Food and spirits will be served at the Annex after the event. The run will begin and end at the Annex.
The cost to participate is $26 PER FAMILY. Click HERE to register.
(an additional $3.21 charge will be added by eventbrite for the online registration)
This is a public event. Additional donations gladly accepted.
Below is a story posted from 2017 about the Rettler Run.
On Sunday, Dec. 31, 2017 Pete Rettler will get together with about 120 friends for a little 5K run. For Rettler it’ll mark 24 years straight he’s run every day in a row.
“I will start my 25th year of not missing a day running on Jan. 1, 2018,” said Rettler.
The idea to run daily started as a bet during a college reunion. “It was me and a guy I wrestled with in college, Phil Scharenbrock,” said Rettler. “We went back to UW-Eau Claire for a wrestling weekend and we were both nearing 200 pounds.”
Well over his game-day college wrestling weight of 126 pounds (and Scharenbrock wrestled at 142) the pair made a resolution to get in shape.
“We vowed we didn’t want to be fat so we would run every single day in 1994,” said Rettler.
The pair lasted one year. “And then Phil quit….like any smart person would, and I’ve just kept it going,” Rettler said.
With a normal routine of running about 2 miles a day Rettler has been able to maintain his weight at 175 pounds.
“A lot of people don’t believe me when I tell them about the streak,” said Rettler. “The thing that drives me a little nuts is when people say they don’t have the time. I’m as busy as anybody else and I’ve been able to find the time whether it’s early in the morning or late at night or at lunch.”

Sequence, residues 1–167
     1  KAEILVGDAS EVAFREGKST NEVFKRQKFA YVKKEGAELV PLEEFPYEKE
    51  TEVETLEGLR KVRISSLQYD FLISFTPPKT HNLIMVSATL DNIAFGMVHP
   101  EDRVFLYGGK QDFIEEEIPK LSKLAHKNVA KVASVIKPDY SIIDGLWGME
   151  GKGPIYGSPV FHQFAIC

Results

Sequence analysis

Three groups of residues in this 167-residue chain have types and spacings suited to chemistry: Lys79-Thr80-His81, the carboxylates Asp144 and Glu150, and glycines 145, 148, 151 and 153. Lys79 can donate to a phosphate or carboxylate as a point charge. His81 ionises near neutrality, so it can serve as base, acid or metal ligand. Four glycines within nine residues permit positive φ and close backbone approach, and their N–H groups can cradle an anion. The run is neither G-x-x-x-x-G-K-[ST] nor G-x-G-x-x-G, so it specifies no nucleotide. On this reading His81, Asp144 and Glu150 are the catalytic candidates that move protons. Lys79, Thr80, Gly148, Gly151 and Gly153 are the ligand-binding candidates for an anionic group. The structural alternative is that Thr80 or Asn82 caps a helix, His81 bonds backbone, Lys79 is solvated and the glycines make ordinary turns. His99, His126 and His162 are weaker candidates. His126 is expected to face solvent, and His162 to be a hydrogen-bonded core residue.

Rettler normally runs at night after work. During the weekend he gets his miles in first thing in the morning and when traveling he may wake up at 3 a.m. to be sure to log his miles.
There are a couple strict Rettler rules about what qualifies as a daily run; it has to be outdoors and the minimum is 1.2 miles. “Over the 24 years I’ve averaged 2.5 miles a day,” he said.
There have been some close calls where the streak could have been in jeopardy. Rettler said during a road trip he waited out some severe thunderstorms before finally risking a quick run at 11:30 p.m. Another memorable event happened when he turned 40 years old.
“We were setting up for the Wildcat wrestling tournament. I collapsed on the mat and thought I was dying. The nurses in the emergency room quickly figured out it was a kidney stone issue,” he said.
Doped up on morphine Rettler with actually diagnosed with two kidney stones. “I was in a lot of pain but asked the doctor if I could run. He wanted to know why and my wife chimed in ‘he’s got this stupid streak,’” said Rettler.
The doctor sided with Rettler and offered one bit of advice. “He just suggested I run while the morphine was still working otherwise I’d be in a lot of pain,” Rettler said.
Over the years Rettler’s 2.5 miler has averaged about 30 minutes; now it takes a little longer. “I used to be able to run an easy 7-minute mile and now I’m at about a 9-minute mile,” he said.
Since the 20th anniversary of Rettler’s run streak he’s been raising money for local scholarships. “I wanted to do something fun and came up with a scholarship idea and invited everybody who ever ran with me in the past to kick in $20 and that’s where it started,” he said.
Over the years Rettler’s has advanced from $150 scholarships to two $500 scholarships. This year he’s hoping to get enough for three $500 scholarships. The criteria on who receives the scholarships is that the person is mainly a high school senior from Washington County